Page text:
Football: The way to play United's visonaries

Click to follow
LOOKING at the Premiership table this weekend I can only agree with the bookmakers, the only worthwhile bet is who is going to finish second? With the hard- fought point from the Newcastle fixture, Manchester United's domination of the championship appears complete before the half- way stage is passed.

Their position now is in stark contrast to the scene I witnessed at Old Trafford four years ago. The image is recalled and vivid in my memory because of the draw for the third round of the FA Cup which was on television last week. On the afternoon of that day in 1989 Crystal Palace played a poor United side and beat them 2-1. The crowd at the start of the match was sparse by United standards, and the stands deserted by anybody's standards at the final whistle. As is often the case at the end of a match, the single shouts of abuse are remembered more than the collective bawl. The target of abuse on that day was undoubtedly United's manager, Alex Ferguson.

After the game I had a drink with Alex in the intimacy of the Old Trafford equivalent of the Boot Room, and his glazed expression showed that the criticism was getting to him. Alex has since confirmed that this indeed was the lowest point of his United career to date. But for the rest of that 1989-90 season his team spluttered into effective action only in FA Cup matches, culminating in their final victory against a far superior team from south London.

The transformation from that season to this has been dramatic. In the whole of that FA Cup-winning season United won only 48 points in the League. This present side achieved that total after only 19 matches. The uncertainty of costly purchases then has now been replaced by the free expression and maturity of players who know they are good.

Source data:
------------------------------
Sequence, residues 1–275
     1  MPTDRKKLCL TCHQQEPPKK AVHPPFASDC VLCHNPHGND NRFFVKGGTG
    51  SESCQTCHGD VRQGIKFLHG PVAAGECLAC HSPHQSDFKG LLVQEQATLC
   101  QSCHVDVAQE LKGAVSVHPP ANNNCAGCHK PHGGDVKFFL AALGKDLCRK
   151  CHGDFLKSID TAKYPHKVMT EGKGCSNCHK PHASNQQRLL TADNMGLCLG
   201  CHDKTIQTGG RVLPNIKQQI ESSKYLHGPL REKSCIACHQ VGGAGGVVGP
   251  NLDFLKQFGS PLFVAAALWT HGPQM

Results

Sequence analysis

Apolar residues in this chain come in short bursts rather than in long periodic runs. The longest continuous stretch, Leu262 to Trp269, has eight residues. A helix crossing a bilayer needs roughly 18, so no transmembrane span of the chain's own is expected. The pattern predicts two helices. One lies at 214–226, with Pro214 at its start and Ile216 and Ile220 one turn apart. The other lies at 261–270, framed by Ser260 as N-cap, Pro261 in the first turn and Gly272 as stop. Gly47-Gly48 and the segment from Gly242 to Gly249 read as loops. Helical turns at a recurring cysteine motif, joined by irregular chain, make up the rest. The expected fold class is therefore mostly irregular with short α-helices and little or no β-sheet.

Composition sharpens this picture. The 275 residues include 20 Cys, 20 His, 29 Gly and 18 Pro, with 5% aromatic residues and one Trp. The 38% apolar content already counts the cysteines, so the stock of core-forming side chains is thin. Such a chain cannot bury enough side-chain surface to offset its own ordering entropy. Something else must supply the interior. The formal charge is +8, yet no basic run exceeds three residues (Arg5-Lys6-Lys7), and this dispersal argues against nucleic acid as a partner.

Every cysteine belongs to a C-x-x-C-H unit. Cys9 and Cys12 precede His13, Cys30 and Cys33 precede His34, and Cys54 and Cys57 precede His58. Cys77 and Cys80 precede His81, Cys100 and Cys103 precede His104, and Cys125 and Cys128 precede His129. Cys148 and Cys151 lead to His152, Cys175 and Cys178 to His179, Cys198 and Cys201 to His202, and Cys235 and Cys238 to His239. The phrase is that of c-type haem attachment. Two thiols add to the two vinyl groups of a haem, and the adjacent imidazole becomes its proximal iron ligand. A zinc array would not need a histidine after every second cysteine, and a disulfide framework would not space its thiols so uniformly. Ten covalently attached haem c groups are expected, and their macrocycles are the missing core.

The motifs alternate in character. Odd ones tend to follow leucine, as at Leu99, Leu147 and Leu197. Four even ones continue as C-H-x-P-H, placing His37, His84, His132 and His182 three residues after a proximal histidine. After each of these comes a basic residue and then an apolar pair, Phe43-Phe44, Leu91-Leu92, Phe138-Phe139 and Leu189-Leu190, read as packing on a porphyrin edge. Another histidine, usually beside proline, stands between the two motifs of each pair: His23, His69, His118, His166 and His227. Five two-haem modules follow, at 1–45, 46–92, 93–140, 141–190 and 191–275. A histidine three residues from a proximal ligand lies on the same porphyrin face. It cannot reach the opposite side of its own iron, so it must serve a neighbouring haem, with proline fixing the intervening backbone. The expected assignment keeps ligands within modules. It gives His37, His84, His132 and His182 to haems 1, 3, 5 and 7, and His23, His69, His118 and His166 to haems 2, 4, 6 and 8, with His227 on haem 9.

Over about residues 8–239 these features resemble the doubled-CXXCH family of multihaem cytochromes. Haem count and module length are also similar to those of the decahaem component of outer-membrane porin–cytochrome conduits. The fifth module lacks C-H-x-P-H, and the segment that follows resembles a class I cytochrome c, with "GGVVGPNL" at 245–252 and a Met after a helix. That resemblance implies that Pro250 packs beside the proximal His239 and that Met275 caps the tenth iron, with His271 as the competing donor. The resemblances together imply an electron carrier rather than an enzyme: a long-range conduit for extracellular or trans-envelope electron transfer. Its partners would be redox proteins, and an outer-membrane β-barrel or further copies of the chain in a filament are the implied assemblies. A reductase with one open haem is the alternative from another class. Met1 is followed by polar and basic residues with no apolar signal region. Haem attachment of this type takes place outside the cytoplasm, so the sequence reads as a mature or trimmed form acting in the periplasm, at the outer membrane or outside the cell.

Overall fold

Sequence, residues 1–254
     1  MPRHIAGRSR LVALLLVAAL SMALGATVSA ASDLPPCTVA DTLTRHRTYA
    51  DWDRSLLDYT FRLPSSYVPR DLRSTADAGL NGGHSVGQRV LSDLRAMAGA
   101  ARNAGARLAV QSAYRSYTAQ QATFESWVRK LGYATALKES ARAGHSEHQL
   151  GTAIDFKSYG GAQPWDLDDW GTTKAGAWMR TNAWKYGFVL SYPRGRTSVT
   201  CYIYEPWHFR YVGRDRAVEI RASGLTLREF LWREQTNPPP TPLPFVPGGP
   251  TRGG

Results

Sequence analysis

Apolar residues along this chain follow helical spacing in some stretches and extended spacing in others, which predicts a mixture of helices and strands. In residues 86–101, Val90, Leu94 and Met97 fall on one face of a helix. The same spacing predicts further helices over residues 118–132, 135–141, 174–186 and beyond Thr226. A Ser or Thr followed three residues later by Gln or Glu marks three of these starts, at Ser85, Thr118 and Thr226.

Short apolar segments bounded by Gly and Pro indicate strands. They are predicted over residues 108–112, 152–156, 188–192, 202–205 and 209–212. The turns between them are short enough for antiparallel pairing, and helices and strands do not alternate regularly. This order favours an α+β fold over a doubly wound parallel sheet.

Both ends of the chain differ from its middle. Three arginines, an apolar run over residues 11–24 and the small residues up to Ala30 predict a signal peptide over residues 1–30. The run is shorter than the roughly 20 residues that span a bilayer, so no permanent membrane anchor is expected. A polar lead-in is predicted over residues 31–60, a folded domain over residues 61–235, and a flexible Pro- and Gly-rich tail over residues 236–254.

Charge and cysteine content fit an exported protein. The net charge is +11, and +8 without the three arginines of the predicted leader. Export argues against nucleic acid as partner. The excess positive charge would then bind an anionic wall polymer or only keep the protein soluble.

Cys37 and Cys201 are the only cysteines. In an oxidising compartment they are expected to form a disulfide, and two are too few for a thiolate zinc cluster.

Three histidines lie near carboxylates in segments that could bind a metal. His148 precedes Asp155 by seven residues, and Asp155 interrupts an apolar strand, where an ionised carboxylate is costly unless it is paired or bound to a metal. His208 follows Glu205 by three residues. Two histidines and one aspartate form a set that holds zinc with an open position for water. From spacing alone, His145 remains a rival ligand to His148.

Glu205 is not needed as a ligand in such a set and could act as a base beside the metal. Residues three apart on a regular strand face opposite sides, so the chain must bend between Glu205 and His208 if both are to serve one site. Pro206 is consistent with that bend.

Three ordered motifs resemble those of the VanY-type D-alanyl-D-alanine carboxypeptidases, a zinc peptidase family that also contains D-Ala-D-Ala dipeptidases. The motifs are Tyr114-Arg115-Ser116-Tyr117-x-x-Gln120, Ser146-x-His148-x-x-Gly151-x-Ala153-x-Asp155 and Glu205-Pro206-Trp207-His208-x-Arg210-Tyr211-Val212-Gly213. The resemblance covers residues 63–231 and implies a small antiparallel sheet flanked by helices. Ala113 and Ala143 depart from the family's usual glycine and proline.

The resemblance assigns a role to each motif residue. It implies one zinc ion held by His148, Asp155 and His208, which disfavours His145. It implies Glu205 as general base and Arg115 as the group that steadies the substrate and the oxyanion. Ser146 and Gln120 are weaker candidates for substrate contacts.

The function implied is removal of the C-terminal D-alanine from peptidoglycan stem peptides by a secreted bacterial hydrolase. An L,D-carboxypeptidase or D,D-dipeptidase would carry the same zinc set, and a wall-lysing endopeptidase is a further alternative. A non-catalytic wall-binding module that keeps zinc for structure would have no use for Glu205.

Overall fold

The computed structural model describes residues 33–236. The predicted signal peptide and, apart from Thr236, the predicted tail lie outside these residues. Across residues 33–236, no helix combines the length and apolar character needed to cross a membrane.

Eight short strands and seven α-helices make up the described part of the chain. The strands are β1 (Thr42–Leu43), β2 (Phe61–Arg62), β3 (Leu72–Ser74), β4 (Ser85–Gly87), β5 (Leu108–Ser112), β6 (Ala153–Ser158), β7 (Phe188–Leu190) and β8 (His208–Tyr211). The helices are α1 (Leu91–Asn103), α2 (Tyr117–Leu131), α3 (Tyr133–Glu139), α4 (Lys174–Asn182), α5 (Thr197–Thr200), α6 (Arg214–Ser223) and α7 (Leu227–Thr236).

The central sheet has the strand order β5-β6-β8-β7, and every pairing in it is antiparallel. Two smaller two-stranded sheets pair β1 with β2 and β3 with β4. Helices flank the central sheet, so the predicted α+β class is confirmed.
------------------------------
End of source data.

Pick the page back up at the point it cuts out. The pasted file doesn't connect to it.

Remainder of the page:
Four seasons ago you could out- think them with a tactical switch. Their lack of confidence in each other meant you could outplay them. If neither of these worked, you could bully them and they still had enough 'flowery' players not to put up too much resistance.

The problems of beating them this season are entirely different. The last resort of bullying obviously does not work. How can you physically overpower Pallister, Bruce, Ince, Keane, Cantona and Hughes? You will end up mauled yourself.

Do you think up a new tactical strategy to take advantage of a perceived weakness somewhere in their team? Over the past season and a half they have played against every formation and nothing has stopped them.

Their only setback has occurred in Europe against Galatasaray, the Turkish champions, when Uefa rules meant that they could not field their strongest team. Defeat also meant that United could concentrate on the domestic programme, thus depriving the rest of the Premiership of the possibility of too congested a schedule in the all-important latter stages of the season.

The prospect of outplaying them hardly seemed possible given the quality of their squad, until the game at Newcastle. The young pretenders showed that the only way to get the better of United is to play pure football against them. Perhaps it is no coincidence that the only team to beat United this season in the League have been Chelsea, and we all know their preferred style of play.

I lay no claim to having found a chink in United's armour, just an indication of the best way to play against them. On Saturday they could have been forgiven for losing, given the size of their lead in the table and given the severe conditions in a hostile environment. Yet they earned a point displaying characteristics they have not had to show too regularly since that 1989-90 season.

The lasting memory for me from Saturday was Ferguson standing in the dug-out for all the second half, berating his team to greater efforts, just as he had done four years ago for totally opposite reasons. His drive and determination are constant and the main reason why the bookmakers have stopped taking bets on them. What price Newcastle for second?